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THE MAGNIFICAT [Catholic/Orthodox Caucus]
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Posted on 08/15/2011 4:40:47 PM PDT by Salvation


Picture of the Blessed Virgin Mary and her cousin Elizabeth in the Visitation by Philippe de Champagne courtesy of Wikipedia

The Magnificat, taken from Luke’s Gospel (1:46-55), is the Blessed Virgin Mary’s hymn of praise to the Lord. It is also known as the Canticle of Mary in the Liturgy of the Hours, a special collection of scripture readings, psalms, and hymns that constitute what is known as the prayer of the church. (Priests and other religious are required to pray sections from the Liturgy of the Hours each day.)

Although the Magnificat has had numerous musical settings from such composers as Palestrina, Bach and Mozart, it can be recited as well as sung. Its name comes from the first line of its text in Latin (“Magnificat anima mea Dominum”) translated in the first line below. Mary proclaims the Lord’s greatness with characteristic humility and grace here.

My soul magnifies the Lord
And my spirit rejoices in God my Savior;
Because he has regarded the lowliness of his handmaid;
For behold, henceforth all generations shall call me blessed;
Because he who is mighty has done great things for me,
and holy is his name;
And his mercy is from generation to generation
on those who fear him.
He has shown might with his arm,
He has scattered the proud in the conceit of their heart.
He has put down the mighty from their thrones,
and has exalted the lowly.
He has filled the hungry with good things,
and the rich he has sent away empty.
He has given help to Israel, his servant, mindful of his mercy
Even as he spoke to our fathers, to Abraham and to his posterity forever.

The Magnificat provides great material for meditation on the Visitation, the second Joyful Mystery of the Rosary, pictured above. When the angel Gabriel informs Mary that she is to be the Mother of God, he also tells her of her Cousin Elizabeth’s pregnancy with John the Baptist.

After Mary gives her famous consent to becoming the Mother of God, -- “Behold the handmaid of the Lord; be it done to me according to thy word” (Luke 1:38) -- she goes “with haste” (1:39) to help Elizabeth, who is delighted to see her. Our Lady then expresses her joy in the Magnificat.

Clearly Mary, in hastening to help her cousin, is focused on service to others. In this way she glorifies the Lord in reflecting (and “magnifying”) His goodness and love. And, of course by becoming the Mother of God she will help Him redeem us for our salvation in His Passion!

Speaking of magnifying, Archbishop Fulton J. Sheen once referred to our Blessed Mother as being like “a magnifying glass that intensifies our love of her Son.”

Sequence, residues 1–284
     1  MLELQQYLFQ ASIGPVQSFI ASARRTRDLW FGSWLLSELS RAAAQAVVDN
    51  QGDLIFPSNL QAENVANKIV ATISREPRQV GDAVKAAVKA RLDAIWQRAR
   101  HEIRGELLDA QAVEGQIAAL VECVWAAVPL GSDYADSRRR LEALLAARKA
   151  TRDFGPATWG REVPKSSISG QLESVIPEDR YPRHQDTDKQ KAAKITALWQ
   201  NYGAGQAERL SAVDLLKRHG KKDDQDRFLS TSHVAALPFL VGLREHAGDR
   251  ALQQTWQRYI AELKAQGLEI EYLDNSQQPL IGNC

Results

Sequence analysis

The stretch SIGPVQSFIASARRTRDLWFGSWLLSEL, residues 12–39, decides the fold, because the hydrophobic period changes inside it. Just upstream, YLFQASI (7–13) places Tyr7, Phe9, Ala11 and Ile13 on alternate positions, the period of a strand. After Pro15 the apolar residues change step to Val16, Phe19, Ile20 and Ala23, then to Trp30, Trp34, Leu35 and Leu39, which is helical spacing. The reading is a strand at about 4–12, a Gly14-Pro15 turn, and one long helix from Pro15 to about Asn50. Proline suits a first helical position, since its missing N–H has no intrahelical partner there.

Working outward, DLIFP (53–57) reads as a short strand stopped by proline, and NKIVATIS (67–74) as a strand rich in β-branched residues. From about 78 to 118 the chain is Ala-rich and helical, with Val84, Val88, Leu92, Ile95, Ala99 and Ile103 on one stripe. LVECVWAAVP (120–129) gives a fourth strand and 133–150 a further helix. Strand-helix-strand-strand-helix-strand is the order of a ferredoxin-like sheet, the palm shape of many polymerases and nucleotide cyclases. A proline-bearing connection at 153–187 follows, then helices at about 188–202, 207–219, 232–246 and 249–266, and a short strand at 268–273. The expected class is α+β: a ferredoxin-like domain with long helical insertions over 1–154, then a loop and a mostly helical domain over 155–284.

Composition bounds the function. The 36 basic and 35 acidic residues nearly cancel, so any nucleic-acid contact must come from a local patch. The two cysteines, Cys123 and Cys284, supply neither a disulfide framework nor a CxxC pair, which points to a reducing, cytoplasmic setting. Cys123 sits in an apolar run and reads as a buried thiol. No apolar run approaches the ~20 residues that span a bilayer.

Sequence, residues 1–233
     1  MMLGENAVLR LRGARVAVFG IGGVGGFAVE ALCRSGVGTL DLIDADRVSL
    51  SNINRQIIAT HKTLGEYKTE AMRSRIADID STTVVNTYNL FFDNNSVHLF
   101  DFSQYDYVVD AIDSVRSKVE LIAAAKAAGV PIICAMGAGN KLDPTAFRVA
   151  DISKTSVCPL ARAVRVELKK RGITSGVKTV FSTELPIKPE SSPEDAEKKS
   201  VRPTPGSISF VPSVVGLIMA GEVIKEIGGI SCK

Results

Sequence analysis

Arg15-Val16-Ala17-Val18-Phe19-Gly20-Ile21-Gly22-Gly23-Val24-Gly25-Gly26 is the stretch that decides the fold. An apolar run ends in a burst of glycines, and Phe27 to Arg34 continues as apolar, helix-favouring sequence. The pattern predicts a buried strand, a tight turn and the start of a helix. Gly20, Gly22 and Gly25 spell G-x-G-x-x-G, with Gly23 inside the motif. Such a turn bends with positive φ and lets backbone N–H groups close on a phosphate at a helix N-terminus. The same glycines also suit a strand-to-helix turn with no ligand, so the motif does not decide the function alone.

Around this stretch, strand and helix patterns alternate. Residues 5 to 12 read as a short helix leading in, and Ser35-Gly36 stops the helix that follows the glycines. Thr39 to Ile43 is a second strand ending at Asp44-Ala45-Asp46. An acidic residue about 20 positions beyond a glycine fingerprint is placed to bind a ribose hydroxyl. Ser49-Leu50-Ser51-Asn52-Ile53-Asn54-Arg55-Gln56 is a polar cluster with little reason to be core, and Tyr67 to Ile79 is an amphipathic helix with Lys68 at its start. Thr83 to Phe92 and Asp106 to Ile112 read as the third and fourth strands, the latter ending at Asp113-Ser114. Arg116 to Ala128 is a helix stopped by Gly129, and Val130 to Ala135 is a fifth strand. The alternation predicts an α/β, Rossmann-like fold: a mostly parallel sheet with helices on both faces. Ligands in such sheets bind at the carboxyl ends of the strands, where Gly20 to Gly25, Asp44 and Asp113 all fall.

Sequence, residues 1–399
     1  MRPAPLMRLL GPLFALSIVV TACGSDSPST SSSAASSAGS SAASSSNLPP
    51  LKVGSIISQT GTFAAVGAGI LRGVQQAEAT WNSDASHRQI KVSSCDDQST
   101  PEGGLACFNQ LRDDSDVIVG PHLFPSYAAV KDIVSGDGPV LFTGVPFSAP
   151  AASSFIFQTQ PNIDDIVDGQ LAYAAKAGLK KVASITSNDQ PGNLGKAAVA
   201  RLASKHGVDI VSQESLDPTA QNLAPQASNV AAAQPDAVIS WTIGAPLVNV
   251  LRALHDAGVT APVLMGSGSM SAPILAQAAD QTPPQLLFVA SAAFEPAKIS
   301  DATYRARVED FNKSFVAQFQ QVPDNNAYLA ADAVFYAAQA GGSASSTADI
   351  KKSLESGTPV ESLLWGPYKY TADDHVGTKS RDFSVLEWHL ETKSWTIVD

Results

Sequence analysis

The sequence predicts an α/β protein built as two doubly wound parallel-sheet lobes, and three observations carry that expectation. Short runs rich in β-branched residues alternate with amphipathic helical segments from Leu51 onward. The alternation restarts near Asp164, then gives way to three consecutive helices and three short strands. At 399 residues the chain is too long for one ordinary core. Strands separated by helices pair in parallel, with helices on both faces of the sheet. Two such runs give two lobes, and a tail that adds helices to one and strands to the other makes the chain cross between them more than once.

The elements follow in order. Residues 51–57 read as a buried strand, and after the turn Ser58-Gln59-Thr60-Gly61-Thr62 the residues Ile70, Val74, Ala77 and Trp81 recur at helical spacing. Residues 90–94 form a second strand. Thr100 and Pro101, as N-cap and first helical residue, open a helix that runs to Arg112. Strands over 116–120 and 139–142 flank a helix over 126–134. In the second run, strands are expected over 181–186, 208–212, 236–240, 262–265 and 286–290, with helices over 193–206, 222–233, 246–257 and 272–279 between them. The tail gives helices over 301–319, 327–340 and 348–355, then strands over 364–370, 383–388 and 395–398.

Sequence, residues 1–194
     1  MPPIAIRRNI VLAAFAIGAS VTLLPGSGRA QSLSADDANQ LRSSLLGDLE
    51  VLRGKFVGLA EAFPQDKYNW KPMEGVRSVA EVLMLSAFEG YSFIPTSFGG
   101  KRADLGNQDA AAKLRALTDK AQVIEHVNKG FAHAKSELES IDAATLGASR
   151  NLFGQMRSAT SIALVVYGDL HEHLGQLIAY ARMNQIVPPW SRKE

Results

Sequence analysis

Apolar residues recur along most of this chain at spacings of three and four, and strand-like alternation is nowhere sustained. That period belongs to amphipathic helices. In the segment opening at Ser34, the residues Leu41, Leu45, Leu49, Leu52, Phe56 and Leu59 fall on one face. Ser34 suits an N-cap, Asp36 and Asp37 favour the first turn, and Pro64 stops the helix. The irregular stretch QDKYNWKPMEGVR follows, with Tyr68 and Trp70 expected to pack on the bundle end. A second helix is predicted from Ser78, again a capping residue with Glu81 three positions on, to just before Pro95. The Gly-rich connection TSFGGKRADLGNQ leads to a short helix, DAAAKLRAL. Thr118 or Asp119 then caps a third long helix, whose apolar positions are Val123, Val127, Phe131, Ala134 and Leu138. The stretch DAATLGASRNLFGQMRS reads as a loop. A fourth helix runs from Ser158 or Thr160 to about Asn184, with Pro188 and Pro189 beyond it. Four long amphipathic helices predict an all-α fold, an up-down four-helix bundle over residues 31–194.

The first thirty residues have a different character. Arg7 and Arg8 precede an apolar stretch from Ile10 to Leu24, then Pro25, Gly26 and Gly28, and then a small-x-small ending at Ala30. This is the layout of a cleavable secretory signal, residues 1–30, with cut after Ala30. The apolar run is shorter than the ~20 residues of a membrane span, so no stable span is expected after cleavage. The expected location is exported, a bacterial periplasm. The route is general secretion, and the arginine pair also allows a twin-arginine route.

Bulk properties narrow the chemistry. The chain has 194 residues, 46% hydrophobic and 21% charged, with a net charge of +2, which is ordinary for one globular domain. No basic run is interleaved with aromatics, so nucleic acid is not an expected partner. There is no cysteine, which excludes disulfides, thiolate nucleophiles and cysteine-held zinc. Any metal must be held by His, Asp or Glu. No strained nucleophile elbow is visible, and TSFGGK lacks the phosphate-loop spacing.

Note that Mary’s joyful claim that “all generations shall call me blessed” in no way takes away from her humility. If she seems to boast here, it is much as St. Paul does later on in scripture when he says “whoever boasts, should boast in the Lord” (2 Cor 10:17), that is to say, in God’s work being done through us.

In this regard, the Magnificat is more than a prayer of praise. It also reminds us about the essential link between humility and holiness. Just as God has “regarded the lowliness of his handmaid” and “has done great things” for Mary in making her the Mother of his Son, so too “he has put down the mighty from their thrones (with his own might!) and has exalted the lowly.”

(Note also our Blessed Mother’s humility in referring to herself in this prayer, as she does in giving her consent to Gabriel mentioned earlier, as the Lord’s handmaid, his servant!)

As her Divine Son later stressed “Whoever exalts himself shall be humbled, and whoever humbles himself shall be exalted” (Matt 23:12, also in slightly different words in Luke 18:14 and Luke 14:11).

Jesus wasn’t saying anything new here, either! We read similar thoughts in throughout the Old Testament such as in the Psalms and in this example from the book of Sirach “Humble yourself the more, the greater you are, and you will find favor with God.” (Sirach 3:19)

The line about God filling “the hungry with good things” resonates later in the Gospels as well, when our Lord says “Blessed are they who hunger and thirst after righteousness for they will be filled” (Matt 5:7). This serves as a good reminder for us to “stay hungry” for God’s graces in praying and in reading His word in scripture.

And as for the rich being sent away empty? This line refers to those who live for wealth and power and feel they have everything figured out. These people in, effect wish to be Gods rather than God’s. How can our Lord fill those who are already full--of themselves?

How about you? Does your soul magnify the Lord? We may never be able to approach Him from Mary’s level of sanctity as the Mother of God. Still, we are all called to be saints nonetheless.

Your good example, like our Blessed Mother’s, can help others in their spiritual growth. Do people see Christ’s love and goodness in you? Are you letting God work within you to accomplish His will? Let Mary help give you the graces you need to follow her Son and His Church in praying the Magnificat.

As St. Ambrose once said in referring to this wonderful prayer, "Let Mary's soul be in us to glorify the Lord; let her spirit be in us that we may rejoice in God our Saviour."

TOPICS: Catholic; History; Prayer; Theology
KEYWORDS: blessedvirginmary; catholic; prayer
In today's Gospel!
1 posted on 08/15/2011 4:40:57 PM PDT by Salvation
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To: All
This is a Catholic/Orthodox Caucus thread.

Guidelines for Catholic/Orthodox Caucus Threads

2 posted on 08/15/2011 4:41:43 PM PDT by Salvation ("With God all things are possible." Matthew 19:26)
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To: All
Praying with Mary

Praying with Mary

She shows us that we each have a song to sing.

Praying with Mary

Mary’s Song, called the Magnificat, tells us more than any other gospel story just how Mary approached prayer (Luke 1:46-55). Mary had heard that her long-barren cousin Elizabeth was pregnant, and so she went to visit her.

When they met, the baby in Elizabeth’s womb jumped for joy, and Elizabeth herself proclaimed Mary as “most blessed” among women (1:39-45). Mary was so moved by all that was happening around her that this beautiful prayer practically tumbled out of her—a prayer of praise and gratitude for the God who was doing such marvelous things.